The Return Of Swamp Thing arrives on Blu-ray from MVD Rewind in an AVC encoded 1080p transfer on a 50GB disc that is touted as being taken from a ‘brand-New 2K High-Definition transfer’ and, for the most part, it looks great. There are a few shots that are a bit softer than others but this clearly stems back to the photography and isn’t an issue with the disc. Those scenes aside, detail is generally very strong and, in some cases, downright impressive. Color reproduction looks great, especially the greens of the swamp and of Swamp Thing himself, while black levels are strong throughout. Shadow detail is pretty strong, the image shows good depth and texture and the picture looks quite clean without having been scrubbed of its natural film grain.

    Audio options are provided in the film’s original 2.0 stereo track, in LPCM format, and in a new DTS-HD 5.1 Master Audio option. As you’d expect, the 5.1 mix spreads the score and the effects around nicely – when CCR’s Born On The Bayou kicks in, it sounds great coming at you from all 5.1 channels – and it also throws in some directionality in terms of effects placement. The 2.0 track is a bit more restrained, as you’d guess, but also truer to source. Both sound fine, free of hiss or distortion with properly balanced levels.

    Extras, which are ridiculously plentiful, start off with an audio commentary from director Jim Wynorski who is joined by composer Chuck Cirino and editor Leslie Rosenthal. Wynorski carries the talk, he’s definitely got more to say than the other two and tends to dominate the conversation, but that’s okay as he keeps things interesting and it’s not like the other two don’t chime in when they feel the need. There’s a lot of fun information here, from the use of actual Swamp Thing comic book art in the opening credits and how that was achieved to casting the film, working with Locklear, how Wynorski’s romances factored into who appears in the movie, the plentiful effects work featured in the picture, the locations used for the movie and lots more. There’s a bit of crossover between this track and the archival track that Wynorski recorded in 2003, also included on the disc, but it too covers a lot of ground even if much of it is the same. Still, no reason not to include the other one for posterity’s sake.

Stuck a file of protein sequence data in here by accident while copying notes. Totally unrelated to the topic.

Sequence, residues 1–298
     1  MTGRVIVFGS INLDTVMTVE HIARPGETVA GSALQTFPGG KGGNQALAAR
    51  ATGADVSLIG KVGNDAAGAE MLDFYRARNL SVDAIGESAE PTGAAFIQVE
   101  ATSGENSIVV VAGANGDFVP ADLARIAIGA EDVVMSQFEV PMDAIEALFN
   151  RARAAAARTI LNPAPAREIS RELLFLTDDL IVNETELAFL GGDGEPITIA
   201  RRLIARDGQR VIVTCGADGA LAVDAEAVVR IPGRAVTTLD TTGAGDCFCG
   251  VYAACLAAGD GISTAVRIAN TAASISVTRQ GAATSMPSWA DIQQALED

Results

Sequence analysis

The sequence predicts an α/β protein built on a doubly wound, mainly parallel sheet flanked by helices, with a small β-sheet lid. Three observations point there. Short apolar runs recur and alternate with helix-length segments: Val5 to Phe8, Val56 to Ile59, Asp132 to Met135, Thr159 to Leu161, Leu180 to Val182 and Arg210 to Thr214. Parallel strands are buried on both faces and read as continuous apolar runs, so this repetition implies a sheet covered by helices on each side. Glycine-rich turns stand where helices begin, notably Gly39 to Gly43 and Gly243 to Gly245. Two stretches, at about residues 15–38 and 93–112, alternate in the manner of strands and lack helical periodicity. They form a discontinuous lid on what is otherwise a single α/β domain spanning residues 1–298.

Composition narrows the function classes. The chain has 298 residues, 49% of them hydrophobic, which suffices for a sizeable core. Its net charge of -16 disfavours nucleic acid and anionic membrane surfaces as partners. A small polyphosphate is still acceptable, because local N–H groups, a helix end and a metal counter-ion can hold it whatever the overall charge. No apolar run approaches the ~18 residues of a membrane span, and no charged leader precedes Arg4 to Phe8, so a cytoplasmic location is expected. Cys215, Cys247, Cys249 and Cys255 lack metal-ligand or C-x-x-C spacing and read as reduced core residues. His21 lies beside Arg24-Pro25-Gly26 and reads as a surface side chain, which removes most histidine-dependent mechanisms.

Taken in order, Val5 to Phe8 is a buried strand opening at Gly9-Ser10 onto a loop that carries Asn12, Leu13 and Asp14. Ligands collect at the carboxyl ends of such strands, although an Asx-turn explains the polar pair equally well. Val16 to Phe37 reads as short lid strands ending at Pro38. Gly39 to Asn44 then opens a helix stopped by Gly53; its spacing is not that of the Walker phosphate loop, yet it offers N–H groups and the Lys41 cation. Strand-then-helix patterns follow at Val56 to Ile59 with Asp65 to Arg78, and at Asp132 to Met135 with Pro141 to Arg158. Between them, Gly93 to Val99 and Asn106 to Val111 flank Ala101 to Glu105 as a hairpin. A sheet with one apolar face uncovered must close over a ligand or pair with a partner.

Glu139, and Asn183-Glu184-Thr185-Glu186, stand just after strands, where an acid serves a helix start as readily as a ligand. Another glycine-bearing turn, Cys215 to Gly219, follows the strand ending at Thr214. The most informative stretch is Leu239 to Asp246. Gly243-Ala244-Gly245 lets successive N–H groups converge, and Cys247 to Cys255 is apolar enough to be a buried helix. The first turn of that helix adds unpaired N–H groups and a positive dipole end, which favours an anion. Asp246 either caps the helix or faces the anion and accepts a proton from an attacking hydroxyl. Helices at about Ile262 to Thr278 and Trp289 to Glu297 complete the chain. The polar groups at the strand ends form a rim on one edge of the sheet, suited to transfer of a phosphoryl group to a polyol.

In addition to the commentary tracks, the disc also includes a selection of interviews, the first of which is a seventeen-minute piece with amiable director Jim Wynorski. He talks about coming on board to direct the movie after the success of Craven’s first film, his thoughts on the project and more. Leslie Rosenthal is interviewed after that, for nine minutes, with Wynorski acting as the interviewer. She gives some memories of the time she spent working on the film and engages in some back and forth with Wynorski. Composer Chuck Cirino is also interviewed by Wynorski for seven minutes, speaking quite candidly about the score he came up with for the film and a bit more. We’re also treated to a five-minute interview with with Lightyear Entertainment Executive Arnie Holland who speaks quite fondly of the film and about working with Wynorski on it.

    Rounding out the extras is the film’s original theatrical trailer, a pair of TV spots, six quick vintage promotional clips, two amusing Greenpeace public service announcements featuring Swamp Thing, a five-minute 1989 promo reel (essentially a quick EPK but there is some cool footage in here), a pretty large still gallery, menus and chapter selection.

    As far as the packaging goes, we get a nice slipcover with this release, some cool reversible cover sleeve artwork and a collectible mini-poster inside the case too. And as this is a combo pack release, we also get a DVD version of the movie.

    The Final Word:

    The Return Of Swamp Thing is hokey, sure, but so too is it a lot of fun. The effects work might have been done on a low budget but it’s genuinely cool and a big part of what makes the picture as entertaining as it is, but Durock, Locklear and Jordan add to the appeal. MVD Rewind’s Blu-ray release is pretty stacked with extras and it looks and sounds really good – this makes for a really solid upgrade over the past DVD release and, for fans of the picture, is easily recommended.

    Click on the images below for full sized Blu-ray screen caps!